The guarantee of the Eleventh Amendment is that non-consenting states may not be sued by private individuals in federal court. Bd. of Tr. Of Univ. of Ala. v. Garrett, 531 U.S. 356, 363 121 S.Ct. 955, 962, 148 L.Ed.2d 866 (2001). The Constitution inherently recognizes that States are immune from suit by individuals and that the judicial power of the United States cannot extend to suits against individual States unless (1) the action is brought by the United States or a different state; (2) the action is based on a law that Congress enacted pursuant to its power to enforce the Fourteenth Amendment; or (3) the individual state defendant consented to the lawsuit. Alden v. Maine, 527 U.S. 706, 755-56 (1999) (further holding that sovereign immunity bars FLSA claims against a non-consenting state, id.). The Eleventh Amendment "encompasses not only actions where the state is actually named as a defendant, but also certain actions against state instrumentalities." See Regents of Univ. of Cal. v. Doe, 519 U.S. 425, 429-430, 117 S.Ct. 900, 903, 137 L.Ed.2d 55 (1997).

As for the issue of whether a Missouri Circuit Court is an arm of the state under the Eleventh Amendment, the Eighth Circuit has already spoken. In McKlintic v. 36th Judicial Circuit Court, 508 F.3d 875 (8th Cir. 2007), the Eighth Circuit found in the context of a Family and Medical Leave Act ("FMLA") claim, that Eleventh Amendment immunity shielded the 36th Judicial Circuit of the State of Missouri from suit. Id. at 877 (affirming McKlintic v. 36th Judicial Circuit Court, 464 F.Supp.2d 871 (E.D. Mo. 2006)). In that matter, the District Court found that the 36th Judicial Circuit Court exists pursuant to Article V, § 1 of the Missouri Constitution, which provides for the judicial department and which states that there shall be circuit courts, and therefore the Judicial Circuit is an entity of the State of Missouri. McKlintic v. 36th Judicial Circuit Court, 464 F.Supp.2d 871, 875 (E.D. Mo. 2006). Similarly, the Eighth Circuit previously found that Missouri courts are immune from Section 1983 suits because they are protected by state immunity under the Eleventh Amendment. Harris v. Missouri Court of Appeals, Western Dist., 787 F.2d 427, 429 (8th Cir. 1986) (citing Alabama v. Pugh, 438 U.S. 781, 782 (1978)). Plaintiff's factual contentions to the contrary (that factual issues exist as to whether he was employed by the state, the county, or another political subdivision) were all considered in McKlintic and rejected by the District Court.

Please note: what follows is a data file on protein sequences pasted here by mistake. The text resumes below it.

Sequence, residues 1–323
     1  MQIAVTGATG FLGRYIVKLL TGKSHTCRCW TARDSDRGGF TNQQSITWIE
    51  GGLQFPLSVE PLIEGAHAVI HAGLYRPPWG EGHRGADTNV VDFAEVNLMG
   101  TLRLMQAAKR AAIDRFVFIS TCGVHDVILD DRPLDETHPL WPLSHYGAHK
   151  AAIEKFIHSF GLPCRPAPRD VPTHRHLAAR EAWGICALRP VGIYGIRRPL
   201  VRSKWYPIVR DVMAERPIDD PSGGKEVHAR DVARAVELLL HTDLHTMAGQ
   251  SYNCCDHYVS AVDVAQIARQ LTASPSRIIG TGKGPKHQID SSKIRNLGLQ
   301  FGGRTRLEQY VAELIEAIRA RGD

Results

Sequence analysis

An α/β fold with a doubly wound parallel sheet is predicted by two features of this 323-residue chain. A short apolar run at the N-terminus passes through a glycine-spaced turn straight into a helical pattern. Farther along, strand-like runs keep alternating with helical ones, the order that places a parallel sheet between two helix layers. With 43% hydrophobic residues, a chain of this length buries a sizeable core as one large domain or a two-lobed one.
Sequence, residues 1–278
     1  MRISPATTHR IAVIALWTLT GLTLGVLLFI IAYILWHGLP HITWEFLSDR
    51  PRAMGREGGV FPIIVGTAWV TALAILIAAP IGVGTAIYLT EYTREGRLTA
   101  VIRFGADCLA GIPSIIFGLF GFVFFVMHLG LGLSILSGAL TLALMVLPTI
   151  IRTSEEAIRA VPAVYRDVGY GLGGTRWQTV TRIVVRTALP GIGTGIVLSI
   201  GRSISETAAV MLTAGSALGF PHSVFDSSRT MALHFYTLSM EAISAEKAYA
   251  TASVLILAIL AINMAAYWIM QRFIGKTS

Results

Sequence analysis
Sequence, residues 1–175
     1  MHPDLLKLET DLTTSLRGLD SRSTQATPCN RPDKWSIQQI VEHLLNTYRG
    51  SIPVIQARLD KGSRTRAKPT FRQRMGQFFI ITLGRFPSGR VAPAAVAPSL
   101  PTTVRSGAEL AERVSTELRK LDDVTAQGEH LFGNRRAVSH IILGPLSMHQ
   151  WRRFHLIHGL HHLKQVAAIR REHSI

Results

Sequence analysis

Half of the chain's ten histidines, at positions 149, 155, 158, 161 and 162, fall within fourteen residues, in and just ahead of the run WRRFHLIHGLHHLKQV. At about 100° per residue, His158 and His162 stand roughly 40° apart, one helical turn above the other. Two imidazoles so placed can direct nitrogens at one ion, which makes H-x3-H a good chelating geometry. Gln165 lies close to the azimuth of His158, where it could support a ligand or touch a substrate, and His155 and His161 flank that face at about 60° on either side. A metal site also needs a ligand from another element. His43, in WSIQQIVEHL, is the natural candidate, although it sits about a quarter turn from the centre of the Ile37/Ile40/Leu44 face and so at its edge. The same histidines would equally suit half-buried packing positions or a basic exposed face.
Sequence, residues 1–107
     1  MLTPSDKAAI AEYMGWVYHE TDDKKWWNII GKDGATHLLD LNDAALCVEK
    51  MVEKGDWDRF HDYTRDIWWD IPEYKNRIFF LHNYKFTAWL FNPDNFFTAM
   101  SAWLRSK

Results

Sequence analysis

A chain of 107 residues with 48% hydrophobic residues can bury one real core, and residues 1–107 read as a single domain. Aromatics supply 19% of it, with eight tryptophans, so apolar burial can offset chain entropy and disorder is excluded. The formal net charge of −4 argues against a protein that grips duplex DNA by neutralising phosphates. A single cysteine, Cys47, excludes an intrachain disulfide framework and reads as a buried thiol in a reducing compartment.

Therefore, on the facts presented in plaintiff's complaint, the Court finds that plaintiff is employed by the 16th Judicial Circuit, and pursuant to prior Eighth Circuit precedent, the Judicial Circuits in the State of Missouri are deemed to be arms of the state in terms of Eleventh Amendment immunity. The three exceptions to Eleventh Amendment immunity are not at question in this case, because the parties do not dispute that (1) the plaintiff is an individual, not the United States or another state; (2) the FLSA is a regular federal law, not a law enacted by Congress pursuant to its power under the Fourteenth Amendment; and (3) the State of Missouri has not consented to the filing of FLSA actions. Therefore, sovereign immunity acts as a bar to plaintiff's complaint.

Accordingly, defendant's motion to dismiss (Doc. No. 10) must be GRANTED.

IV. Conclusion

Accordingly, for the foregoing reasons, defendant's motion to dismiss (Doc. No. 10) is GRANTED.

IT IS SO ORDERED.